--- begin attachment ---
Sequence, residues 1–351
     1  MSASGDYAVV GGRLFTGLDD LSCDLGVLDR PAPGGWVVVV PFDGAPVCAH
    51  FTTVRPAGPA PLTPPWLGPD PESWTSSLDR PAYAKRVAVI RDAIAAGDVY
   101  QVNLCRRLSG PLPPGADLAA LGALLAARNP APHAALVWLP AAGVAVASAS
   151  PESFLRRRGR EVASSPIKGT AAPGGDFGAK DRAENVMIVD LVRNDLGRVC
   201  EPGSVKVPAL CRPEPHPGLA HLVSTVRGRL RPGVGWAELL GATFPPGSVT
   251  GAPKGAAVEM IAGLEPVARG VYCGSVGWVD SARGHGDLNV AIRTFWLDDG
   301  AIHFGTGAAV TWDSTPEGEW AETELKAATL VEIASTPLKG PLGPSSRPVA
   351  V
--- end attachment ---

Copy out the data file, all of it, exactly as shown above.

Sequence, residues 1–351
     1  MSASGDYAVV GGRLFTGLDD LSCDLGVLDR PAPGGWVVVV PFDGAPVCAH
    51  FTTVRPAGPA PLTPPWLGPD PESWTSSLDR PAYAKRVAVI RDAIAAGDVY
   101  QVNLCRRLSG PLPPGADLAA LGALLAARNP APHAALVWLP AAGVAVASAS
   151  PESFLRRRGR EVASSPIKGT AAPGGDFGAK DRAENVMIVD LVRNDLGRVC
   201  EPGSVKVPAL CRPEPHPGLA HLVSTVRGRL RPGVGWAELL GATFPPGSVT
   251  GAPKGAAVEM IAGLEPVARG VYCGSVGWVD SARGHGDLNV AIRTFWLDDG
   301  AIHFGTGAAV TWDSTPEGEW AETELKAATL VEIASTPLKG PLGPSSRPVA
   351  V